GENEVA (Reuters) - The United States said on Monday that China's "unfair competitive practices" were harming foreign companies and workers in a way that violates World Trade Organization (WTO) rules, but said that Washington would lead reform efforts.
U.S. trade ambassador Dennis Shea also expressed deep concerns about the WTO dispute settlement system having "strayed far from the system agreed to by members" and said that the Appellate Body had overreached in some legal interpretations.
He was addressing the start of a two-day review of U.S. trade policies, held every two years at the WTO, which continues on Wednesday.
The U.S. economy is "one of the most open and competitive economies in the world", with among the lowest tariffs globally, Shea said.
The Trump administration is committed to competitive markets and free, fair and reciprocal trade, he added, rejecting what he said was criticism by some of the U.S. approach as "unilateralist and protectionist".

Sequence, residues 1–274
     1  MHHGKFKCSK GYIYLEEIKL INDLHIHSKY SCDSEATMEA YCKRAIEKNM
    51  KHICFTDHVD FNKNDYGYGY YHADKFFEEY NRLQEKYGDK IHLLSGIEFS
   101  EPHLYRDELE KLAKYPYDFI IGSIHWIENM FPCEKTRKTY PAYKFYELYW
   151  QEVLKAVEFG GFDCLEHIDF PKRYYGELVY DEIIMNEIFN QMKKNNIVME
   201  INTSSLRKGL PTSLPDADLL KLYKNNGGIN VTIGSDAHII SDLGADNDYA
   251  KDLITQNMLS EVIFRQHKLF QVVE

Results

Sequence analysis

But China has pursued "non-market industrial policies and other unfair competitive practices" aimed at supporting its domestic industries while restricting or discriminating against foreign companies and their goods and services, he said.
"The WTO is not well equipped to handle the fundamental challenge posed by China, which continues to embrace a state-led, mercantilist approach to the economy and trade," Shea said.
He did not refer to the dispute on steel or automobiles which brought the two powers to the brink of a major trade war but defended the U.S. "Section 301" investigation that found in March that Chinese practices related to technology transfer, intellectual property and innovation were discriminatory.
"The United States is committed to working with like-minded members to address our concerns with the functioning of the WTO. Reforms are necessary for the continued viability of the institution," Shea said.
(Reporting by Stephanie Nebehay; editing by David Stamp)